UW researchers taught kids to code with cultural research and embroidery machines

Even in tech-heavy Washington state, the numbers of students with access to computer science classes aren’t higher than national averages: In the 2022-2023 school year, 48% of public high schools offered foundational CS classes and 5% of middle school and high school students took such classes.

Those numbers have inched up, but historically marginalized populations are still less likely to attend schools teaching computer science, and certain groups - such as Latinx students and young women - are less likely than their peers to be enrolled in the classes even if the school offers them.

To reach a greater diversity of grade-school students, a team led by researchers at the University of Washington taught a group of high schoolers to code by combining cultural research into various embroidery traditions - such as Mexican, Arab and Japanese - with "computational embroidery." The method lets users encode embroidery patterns on a computer through an open-source coding language called Turtlestitch , in which they fit visual blocks together. An electronic embroidery machine then stitches the patterns into fabric.

The team will publish its findings Mar. 22 in Proceedings of the 55th ACM Technical Symposium on Computer Science Education.

"We’ve come a long way as a country in offering some computer science courses in schools," said co-lead author F. Megumi Kivuva , a UW doctoral candidate in the Information School. "But we’re learning that access doesn’t necessarily mean equity. It doesn’t mean underrepresented minority groups are always getting the opportunity to learn. And sometimes all’it means is that if there’s one 20-student CS class, all 3,000 students at the school count as having ’access.’ Our computational embroidery class was really a way to engage diverse groups of students and show that their identities have a place in the classroom."

In designing the course, the researchers aimed to make coding accessible to a demographically diverse group of 12 students. To make space for them to explore their curiosities, the team used a method called "co-construction" where the students had a say each week in what they learned and how they’d be assessed.

"We wanted to dispel the myth that a coder is someone sitting in a corner, not being very social, typing on their computer," Kivuva said.

Before delving into Turtlestitch, students spent a week exploring cultural traditions in embroidery - whether those connected to their own cultures or those they were curious about. For one student, bringing his identity into the work meant taking inspiration from his Mexican heritage; for others, it meant embroidering an image of bubble tea because it’s her favorite drink, or stitching a corgi.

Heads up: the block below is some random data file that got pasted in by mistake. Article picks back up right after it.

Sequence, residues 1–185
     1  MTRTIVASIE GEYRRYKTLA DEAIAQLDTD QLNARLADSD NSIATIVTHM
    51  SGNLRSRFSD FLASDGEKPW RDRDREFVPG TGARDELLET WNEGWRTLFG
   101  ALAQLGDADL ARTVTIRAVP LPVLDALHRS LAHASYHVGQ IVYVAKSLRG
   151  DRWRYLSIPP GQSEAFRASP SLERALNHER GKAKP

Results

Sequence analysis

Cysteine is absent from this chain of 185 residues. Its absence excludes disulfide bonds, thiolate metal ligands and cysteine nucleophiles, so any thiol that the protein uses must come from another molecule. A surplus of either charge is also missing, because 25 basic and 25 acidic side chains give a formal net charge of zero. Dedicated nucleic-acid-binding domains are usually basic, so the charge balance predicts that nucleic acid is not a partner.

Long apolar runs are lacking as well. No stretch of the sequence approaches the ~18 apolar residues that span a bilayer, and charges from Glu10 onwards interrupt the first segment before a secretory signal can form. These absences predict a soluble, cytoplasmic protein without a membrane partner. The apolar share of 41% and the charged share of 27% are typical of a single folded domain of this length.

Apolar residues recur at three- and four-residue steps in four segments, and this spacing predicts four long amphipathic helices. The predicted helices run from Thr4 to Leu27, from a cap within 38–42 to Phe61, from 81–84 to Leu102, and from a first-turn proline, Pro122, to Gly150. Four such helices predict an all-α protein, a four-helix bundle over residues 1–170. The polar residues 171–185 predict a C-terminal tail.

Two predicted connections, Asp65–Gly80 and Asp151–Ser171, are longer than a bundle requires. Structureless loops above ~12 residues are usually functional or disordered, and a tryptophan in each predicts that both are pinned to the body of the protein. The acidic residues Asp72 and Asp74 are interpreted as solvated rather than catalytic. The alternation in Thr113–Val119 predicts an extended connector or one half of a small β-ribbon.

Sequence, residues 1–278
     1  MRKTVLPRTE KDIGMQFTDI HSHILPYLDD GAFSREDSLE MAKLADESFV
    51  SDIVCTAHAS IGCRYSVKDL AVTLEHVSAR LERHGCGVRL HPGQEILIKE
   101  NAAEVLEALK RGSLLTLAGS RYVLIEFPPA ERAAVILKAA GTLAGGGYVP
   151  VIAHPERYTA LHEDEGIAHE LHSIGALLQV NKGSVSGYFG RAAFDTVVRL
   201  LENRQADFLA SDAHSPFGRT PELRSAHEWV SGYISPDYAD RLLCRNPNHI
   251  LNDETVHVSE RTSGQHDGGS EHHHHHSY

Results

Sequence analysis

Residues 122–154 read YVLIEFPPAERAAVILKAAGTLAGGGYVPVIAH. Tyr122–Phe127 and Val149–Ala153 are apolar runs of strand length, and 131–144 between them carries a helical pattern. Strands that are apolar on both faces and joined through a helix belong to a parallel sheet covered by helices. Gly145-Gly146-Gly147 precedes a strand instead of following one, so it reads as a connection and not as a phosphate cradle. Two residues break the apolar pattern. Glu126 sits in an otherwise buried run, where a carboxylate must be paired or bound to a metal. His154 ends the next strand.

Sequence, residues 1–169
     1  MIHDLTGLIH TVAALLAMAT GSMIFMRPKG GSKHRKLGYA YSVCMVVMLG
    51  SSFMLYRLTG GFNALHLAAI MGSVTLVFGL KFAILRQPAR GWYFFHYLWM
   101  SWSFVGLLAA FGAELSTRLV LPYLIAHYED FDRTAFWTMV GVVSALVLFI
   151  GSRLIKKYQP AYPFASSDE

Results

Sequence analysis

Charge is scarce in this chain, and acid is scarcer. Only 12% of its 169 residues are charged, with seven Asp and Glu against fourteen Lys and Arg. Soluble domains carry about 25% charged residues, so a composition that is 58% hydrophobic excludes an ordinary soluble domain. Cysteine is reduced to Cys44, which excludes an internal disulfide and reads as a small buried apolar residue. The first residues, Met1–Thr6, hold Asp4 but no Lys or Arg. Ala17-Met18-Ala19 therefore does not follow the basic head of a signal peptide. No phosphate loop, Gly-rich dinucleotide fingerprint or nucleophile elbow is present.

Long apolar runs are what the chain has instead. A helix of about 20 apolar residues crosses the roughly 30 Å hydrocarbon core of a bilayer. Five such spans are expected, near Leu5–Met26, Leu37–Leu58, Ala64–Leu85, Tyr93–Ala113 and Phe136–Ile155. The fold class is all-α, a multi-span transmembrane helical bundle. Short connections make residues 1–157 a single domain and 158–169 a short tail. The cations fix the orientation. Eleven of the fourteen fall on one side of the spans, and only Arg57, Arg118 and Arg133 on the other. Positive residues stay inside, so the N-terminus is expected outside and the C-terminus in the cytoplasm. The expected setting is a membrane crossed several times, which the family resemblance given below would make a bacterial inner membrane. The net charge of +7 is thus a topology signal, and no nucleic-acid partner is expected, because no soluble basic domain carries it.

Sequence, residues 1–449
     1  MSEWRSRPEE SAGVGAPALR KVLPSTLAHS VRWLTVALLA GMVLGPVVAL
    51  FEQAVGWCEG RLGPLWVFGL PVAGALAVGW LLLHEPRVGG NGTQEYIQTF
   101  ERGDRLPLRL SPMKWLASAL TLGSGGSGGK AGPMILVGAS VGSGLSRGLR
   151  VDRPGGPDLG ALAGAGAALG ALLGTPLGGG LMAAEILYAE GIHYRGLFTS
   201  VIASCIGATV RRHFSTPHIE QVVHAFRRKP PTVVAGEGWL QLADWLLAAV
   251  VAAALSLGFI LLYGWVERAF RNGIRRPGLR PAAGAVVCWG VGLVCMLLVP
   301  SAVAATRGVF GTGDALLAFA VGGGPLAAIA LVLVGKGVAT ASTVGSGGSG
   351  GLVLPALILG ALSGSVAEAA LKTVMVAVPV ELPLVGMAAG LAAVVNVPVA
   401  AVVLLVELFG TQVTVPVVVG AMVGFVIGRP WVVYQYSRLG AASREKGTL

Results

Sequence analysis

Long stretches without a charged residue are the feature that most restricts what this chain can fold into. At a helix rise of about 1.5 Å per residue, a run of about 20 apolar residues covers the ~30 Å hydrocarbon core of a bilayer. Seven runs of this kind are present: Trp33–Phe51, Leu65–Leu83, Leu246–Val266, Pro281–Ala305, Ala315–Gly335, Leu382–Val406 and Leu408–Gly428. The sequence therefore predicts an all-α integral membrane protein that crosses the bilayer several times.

Students also spent a week learning to embroider by hand. The craft is an easy fit for coding because both rely on structures of repetition. But embroidery is tactile, so students were able to see their code move from the screen into the physical world. They were also able to augment what they coded with hand stitching, letting them distinguish what the human and the machine were good at. For instance, one student decided to code the design for a flower, then add a bee by hand.

"There’s a long history of overlooking crafts that have traditionally been perceived as feminized," said co-lead author Jayne Everson , a UW doctoral candidate in the Paul G. Allen School of Computer Science & Engineering. "So combining this overlooked art that is deeply technical with computing was really fun, because I don’t see computing as more or less technical than embroidery."

The class ran for six weeks over the summer, and researchers were impressed by the interest it elicited. In fact, one of the main drawbacks researchers found was that six weeks felt too short, given the curiosity the students showed. Since the technology is affordable - the embroidery machine is $400 and the software is free - Kivuva plans to tailor the course to be approachable for kindergarteners to 5 -grade refugee students. Since they were so pleased with the high student engagement, Kivuva and Everson will also run a workshop on their method at the Computer Science Teachers Association conference this summer.

"I was constantly blown away by the way students were engaging when they were given freedom. Some were staying after class to keep working," said Everson. "I come from a math and science teaching background. To get students to stick around after class is kind of like, ’Alright, we’ve done it. That’s all’I want.’"

Additional co-authors on the paper were Camilo Montes De Haro , a UW undergraduate researcher in the iSchool, and Amy J. Ko , a UW professor in the iSchool.

megumik@uw.edu and Everson at everjay@uw.edu .

Tag(s): Information School o Jayne Everson o Megumi Kivuva o Paul G. Allen School of Computer Science & Engineering